The next moment felt like a scene right out of Clone Wars and Rebels made into live-action. All of the other Mandalorians jetpack in to save the day. It’s visually stunning, but as always with this show, the moment works because of the story being told but not spoken: by breaking with the Empire, and doing the right thing, the Mandalorian has finally become a true Mandalorian.

Together again, the Mandolorian and Baby Yoda hit the road. He’s earned the respect of his clan, but now the hunter will become the hunted…which you know, is pretty standard stuff but wow they’re really killing it. This time Mando lets the kid play with the little spaceship thingamajig because he’s a good dad and because bookending is a delightful storytelling device.

Blaster Fire:

  • Mando calling Baby Yoda “the kid” is subtly great. Sometimes Star Wars has trouble with using common vernacular or slang, even though that’s it’s an important ingredient in the franchise’s recipe. For example, when Owen calls Beru his “girlfriend” in Episode III, it’s like…wildly distracting and weird. But here it fits and harkens back to when Han would call Luke that. It tells you all you need to know about the relationship going on there.
  • Super Battle Droid spotted!
  • Big Mean Mandalorian Guy is named Paz Vizsla, making him a relative of Prie Vizsla, the character voiced by (The Mandalorian creator) John Favreau in Clone Wars. And I’m sorry, but the salute he gives at the end was kinda dumb. But I mean what kind of Star Wars fan would I be if I bitched about any little thing just because it didn’t match my specific taste? *cough*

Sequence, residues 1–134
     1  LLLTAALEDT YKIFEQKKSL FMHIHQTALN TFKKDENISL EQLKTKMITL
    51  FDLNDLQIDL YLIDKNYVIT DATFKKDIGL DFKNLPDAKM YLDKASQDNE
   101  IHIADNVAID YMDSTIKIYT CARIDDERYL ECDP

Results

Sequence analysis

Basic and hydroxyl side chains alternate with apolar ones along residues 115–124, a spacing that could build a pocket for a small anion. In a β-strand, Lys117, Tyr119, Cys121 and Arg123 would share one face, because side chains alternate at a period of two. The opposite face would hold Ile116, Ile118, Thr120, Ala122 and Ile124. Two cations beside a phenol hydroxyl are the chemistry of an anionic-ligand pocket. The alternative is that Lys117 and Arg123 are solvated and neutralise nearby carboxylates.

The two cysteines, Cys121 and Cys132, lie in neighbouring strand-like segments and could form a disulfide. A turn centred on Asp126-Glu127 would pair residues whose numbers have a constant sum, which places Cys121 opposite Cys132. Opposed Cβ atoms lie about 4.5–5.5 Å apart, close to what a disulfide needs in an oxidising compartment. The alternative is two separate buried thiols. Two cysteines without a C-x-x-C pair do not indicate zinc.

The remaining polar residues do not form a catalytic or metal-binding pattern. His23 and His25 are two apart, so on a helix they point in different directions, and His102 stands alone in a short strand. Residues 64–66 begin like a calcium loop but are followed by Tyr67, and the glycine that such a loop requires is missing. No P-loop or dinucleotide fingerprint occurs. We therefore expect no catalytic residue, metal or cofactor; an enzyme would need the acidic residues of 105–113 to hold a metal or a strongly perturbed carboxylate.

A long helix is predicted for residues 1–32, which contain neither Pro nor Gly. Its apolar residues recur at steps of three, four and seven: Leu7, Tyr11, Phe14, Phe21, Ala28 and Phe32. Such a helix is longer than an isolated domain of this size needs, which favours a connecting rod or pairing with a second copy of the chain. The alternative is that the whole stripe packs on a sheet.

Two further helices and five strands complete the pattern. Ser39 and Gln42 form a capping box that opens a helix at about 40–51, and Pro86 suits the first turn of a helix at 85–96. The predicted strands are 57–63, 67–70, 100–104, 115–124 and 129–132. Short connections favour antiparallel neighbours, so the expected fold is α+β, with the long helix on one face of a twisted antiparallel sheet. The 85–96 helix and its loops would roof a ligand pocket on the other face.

• We overhear Werner and the scientist talking about how Werner wants to kill Baby Yoda to extract something from him. My guess: Medichlorians, the Star Wars concept that just won’t go away.
  • Interesting how this show parallels the Mandalorians with the Jedi as a fallen order forced into hiding. The director of this episode, Deborah Chow will be heading up Ewan McGregor’s return as Obi-Wan Kenobi, so now all signs point to that being mm-MMMM Good. 

This is the way.

The Guys From Toto Perform Quarantine “Africa” From Their Homes

Toto Performs Quarantine Africa
(YouTube/Joseph Williams)

If there’s one song from the 80s that withstood the test of time, it’s “Africa” by Toto. Every so often, it reenters the public consciousness, be it by way of Scrubs episode, Weezer cover, or even buzzing Tesla coils. It’s a near-perfect song, and it’s never going anywhere.

In the spirit of this recent slew of virtual pop culture reunions, some of the guys from Toto got together to dust off their 1982 hit.

Returning for lead vocals you is Joseph Williams.

(YouTube/Joseph Williams)

On percussion, we’ve got Mr. DOO-DOO D-DOO D-DOO D-DOO DOO PSHHH himself, Lenny Castro.

(YouTube/Joseph Williams)

And on vertical phone orientation, we’ve got guitarist Steve Lukather.

(YouTube/Joseph Williams)